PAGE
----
Outlet header 14 is substantially identical to inlet header 12 also comprising a generally cylindrically shaped elongated tubular member 46 having a female nipple 48 provided on one end thereof to which a fluid supply line may be connected. Also, outlet header 14 is connected in fluid communication with one end 50 of each of the fluid conduit members 30 disposed in row 36 of heat exchanger core 16.

As shown, rows 32 and 36 of fluid conducting members 30 are slightly shorter than row 34 so as to enable inlet and outlet headers 12 and 14 to be accommodated within the generally rectangular perimeter of heat exchanger core 16.

As best seen with reference to FIG. 3, upper return bend assembly 18 comprises a base member 52 of a generally rectangular shape having a plurality of openings 54 extending therethrough defined by outwardly divergingly tapered tubular projections 56 extending outwardly from surface 57 thereof. Openings 54 are arranged in two rows and are spaced in such a manner as to telescopically receive respective ends 58 and 60 of fluid conduit members 30 disposed within rows 34 and 36 of heat exchanger core 16. Base member 52 also has a laterally extending planar flange portion 62 extending laterally outwardly from one side thereof which is designed to overlie inlet header 12.

A cover member 64 also of a generally rectangular shape is also provided being of a length substantially equal to base member 52 and of a width less than base member 52 and having a plurality of arcuate shaped transversely elongated embossments 66 provided thereon arranged in substantially parallel spaced relationship along the length thereof. Cover member 64 is designed to be secured to base member 52 with respective embossments 66 being positioned in overlying relationship to respective laterally adjacent openings 54. Thus, embossments 66, in cooperation with base member 52, will define a fluid passageway 68 interconnecting respective fluid conducting conduits 30 disposed in adjacent rows 34 and 36. As shown, cover member 64 has a relatively wide planar surface area surrounding each of the embossments 66 which mates with and is sealingly secured to upper surface 67 of base member 52.

Lower return bend assembly 20 is of a similar construction to upper return bend assembly 18 and comprises a base member 70 of a generally rectangular shape having a plurality of openings 72 extending therethrough defined by outwardly converging tapered tubular projections 74 extending outwardly from surface 76 thereof. Openings 72 are also arranged in two rows and are sized and spaced in such a manner as to be telescopically received in respective ends 78 and 80 of fluid conducting members 30 disposed within rows 32 and 34 of heat exchanger core 16. Base member 70 also has a laterally extending planar flange portion 82 extending outwardly from one side thereof which is designed to overlie outlet header 14. A cover member 64' is also provided which is substantially identical to cover member 64 and hence corresponding portions thereof are indicated by like numerals primed. Thus, embossments 66' of cover member 64' define fluid passageways 84' interconnecting respective fluid conducting conduits 30 disposed in adjacent rows 32 and 34.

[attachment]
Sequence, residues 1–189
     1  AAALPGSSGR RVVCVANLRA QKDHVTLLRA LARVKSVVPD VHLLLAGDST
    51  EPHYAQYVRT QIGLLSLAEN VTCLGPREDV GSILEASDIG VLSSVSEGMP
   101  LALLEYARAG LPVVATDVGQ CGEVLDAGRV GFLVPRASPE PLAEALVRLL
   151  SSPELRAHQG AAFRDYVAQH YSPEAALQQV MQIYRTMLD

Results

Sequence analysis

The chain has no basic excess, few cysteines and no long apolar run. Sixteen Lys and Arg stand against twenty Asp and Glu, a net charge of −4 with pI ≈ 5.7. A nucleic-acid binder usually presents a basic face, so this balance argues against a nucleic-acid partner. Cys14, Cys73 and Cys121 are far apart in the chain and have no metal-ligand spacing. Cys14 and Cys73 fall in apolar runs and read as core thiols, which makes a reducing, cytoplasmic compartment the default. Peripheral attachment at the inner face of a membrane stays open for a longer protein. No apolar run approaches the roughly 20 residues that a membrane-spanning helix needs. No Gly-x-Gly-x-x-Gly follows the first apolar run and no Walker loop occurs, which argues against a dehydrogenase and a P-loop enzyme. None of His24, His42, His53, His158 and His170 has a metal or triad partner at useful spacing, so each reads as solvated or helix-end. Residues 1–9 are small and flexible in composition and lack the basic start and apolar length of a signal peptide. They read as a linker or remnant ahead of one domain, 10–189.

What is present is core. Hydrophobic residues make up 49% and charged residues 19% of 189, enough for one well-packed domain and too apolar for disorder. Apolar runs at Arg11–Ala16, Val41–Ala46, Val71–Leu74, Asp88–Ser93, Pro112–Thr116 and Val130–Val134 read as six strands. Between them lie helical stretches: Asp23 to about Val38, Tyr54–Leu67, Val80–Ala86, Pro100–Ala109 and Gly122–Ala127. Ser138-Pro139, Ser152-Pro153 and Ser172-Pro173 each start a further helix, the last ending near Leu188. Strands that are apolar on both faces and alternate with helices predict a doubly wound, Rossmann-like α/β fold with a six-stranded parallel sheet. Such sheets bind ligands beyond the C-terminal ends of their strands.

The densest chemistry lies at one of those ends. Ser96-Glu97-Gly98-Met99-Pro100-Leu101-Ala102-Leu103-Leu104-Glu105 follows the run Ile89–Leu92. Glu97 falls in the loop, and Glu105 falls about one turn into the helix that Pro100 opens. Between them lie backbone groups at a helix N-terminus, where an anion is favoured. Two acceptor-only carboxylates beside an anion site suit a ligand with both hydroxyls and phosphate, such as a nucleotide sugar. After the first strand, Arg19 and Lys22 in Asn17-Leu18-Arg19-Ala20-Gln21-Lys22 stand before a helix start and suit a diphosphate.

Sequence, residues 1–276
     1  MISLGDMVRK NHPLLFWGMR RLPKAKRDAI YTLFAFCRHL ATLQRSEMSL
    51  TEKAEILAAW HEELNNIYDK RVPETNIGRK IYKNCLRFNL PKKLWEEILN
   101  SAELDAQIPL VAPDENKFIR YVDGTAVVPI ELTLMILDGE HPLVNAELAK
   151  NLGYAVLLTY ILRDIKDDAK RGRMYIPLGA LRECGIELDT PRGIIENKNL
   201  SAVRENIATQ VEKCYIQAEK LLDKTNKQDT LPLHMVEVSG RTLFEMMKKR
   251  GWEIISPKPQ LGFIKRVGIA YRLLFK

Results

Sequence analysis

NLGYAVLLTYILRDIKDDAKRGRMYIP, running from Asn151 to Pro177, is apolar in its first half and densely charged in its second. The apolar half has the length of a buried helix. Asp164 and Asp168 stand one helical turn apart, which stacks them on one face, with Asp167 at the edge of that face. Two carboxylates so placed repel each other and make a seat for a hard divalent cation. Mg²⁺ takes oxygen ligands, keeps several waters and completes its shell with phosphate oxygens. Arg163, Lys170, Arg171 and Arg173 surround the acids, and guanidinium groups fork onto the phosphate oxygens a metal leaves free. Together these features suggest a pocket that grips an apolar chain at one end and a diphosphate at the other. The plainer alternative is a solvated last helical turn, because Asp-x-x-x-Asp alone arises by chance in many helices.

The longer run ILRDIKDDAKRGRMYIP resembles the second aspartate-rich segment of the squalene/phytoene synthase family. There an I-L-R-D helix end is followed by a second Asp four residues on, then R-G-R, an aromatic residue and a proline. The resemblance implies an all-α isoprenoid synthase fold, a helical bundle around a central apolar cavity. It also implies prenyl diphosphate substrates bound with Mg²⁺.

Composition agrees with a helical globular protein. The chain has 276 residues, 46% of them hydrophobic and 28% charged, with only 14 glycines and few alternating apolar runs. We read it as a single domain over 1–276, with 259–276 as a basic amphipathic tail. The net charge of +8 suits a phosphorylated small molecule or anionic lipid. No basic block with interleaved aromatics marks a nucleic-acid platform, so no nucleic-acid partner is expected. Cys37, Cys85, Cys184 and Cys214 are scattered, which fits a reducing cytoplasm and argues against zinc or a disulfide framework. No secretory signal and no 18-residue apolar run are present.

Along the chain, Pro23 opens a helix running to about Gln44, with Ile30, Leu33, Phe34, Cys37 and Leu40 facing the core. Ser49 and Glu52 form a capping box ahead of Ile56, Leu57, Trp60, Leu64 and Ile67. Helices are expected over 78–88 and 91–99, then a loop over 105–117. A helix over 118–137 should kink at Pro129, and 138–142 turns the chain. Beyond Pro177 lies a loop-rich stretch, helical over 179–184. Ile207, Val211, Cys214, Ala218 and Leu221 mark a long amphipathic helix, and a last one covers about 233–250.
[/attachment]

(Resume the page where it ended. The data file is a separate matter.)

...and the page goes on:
Base members 52 and 70, as well as cover members 64 and 64', may each be easily fabricated of sheet stock in a suitable manner such as through the use of progressive dies. Thereafter, corresponding base and cover members are assembled and are preferably initially secured by a plurality of spot welds 86 so as to form separate subassemblies. Return bend assembly 18 is then preferably assembled to the core after which brazing rods may be inserted into each of the fluid conduits. Thereafter, return bend assembly 20 may be assembled to the core. The completed assembly will then be passed through a brazing oven during which brazing material 88 will flow between mutually engaging surfaces of the cover members and base members thereby creating a sealing relationship therebetween. The spot welds operate to retain the mating surfaces of the respective cover members and base members in close proximity so as to assure the brazing material will completely fill and seal the joints therebetween.

Base members 52 and 70 are also secured to side members 22 and 24 such as by welding or brazing so as to provide a framework surrounding heat exchanger core 16. Mounting channel members 26 and 28 are each secured to side members 22 and 24 and each have a pair of spaced substantially parallel outwardly extending flange portions 89, 90, 92, and 94 respectively which provide means for mounting heat exchanger 10 to equipment with which it is to be used. It should be noted however that if desired, and preferably with regard to smaller sized heat exchangers, side members 22 and 24 may be provided with flange portions similar to those provided on channel members 26 and 28 thereby eliminating these separate channel members.

While heat exchanger 10 is illustrated as having each adjacent row of fluid conducting conduits 30 connected in series so that each row conducts fluid in an opposite direction, in some cases it is desirable to provide a group of rows of fluid conducting members connected for parallel flow with respective groups being connected in series. The return bend assembly of the present invention may be easily adapted to accommodate such a design. As shown in FIG. 4, a heat exchanger core assembly 96 has four rows 98, 100, 102, and 104 of fluid conducting members interconnected by a return bend assembly 106. Return bend assembly 106 is similar in construction to either return bend assembly 18 or 20 except base member 108 has four rows of projections 110 designed to accommodate rows 98, 100, 102 and 104 of fluid conducting members and cover member 112 is provided with elongated arcuate embossments 114 of a length sufficcient to place all four laterally adjacent cconduit members in fluid communication. Thus, rows 98 and 100 may conduct fluid into the passageway defined by embossments 114 and rows 102 and 104 will conduct fluid outwardly thereof. Heat exchanger core assembly 96 is preferably of the same construction as core assembly 16 described above.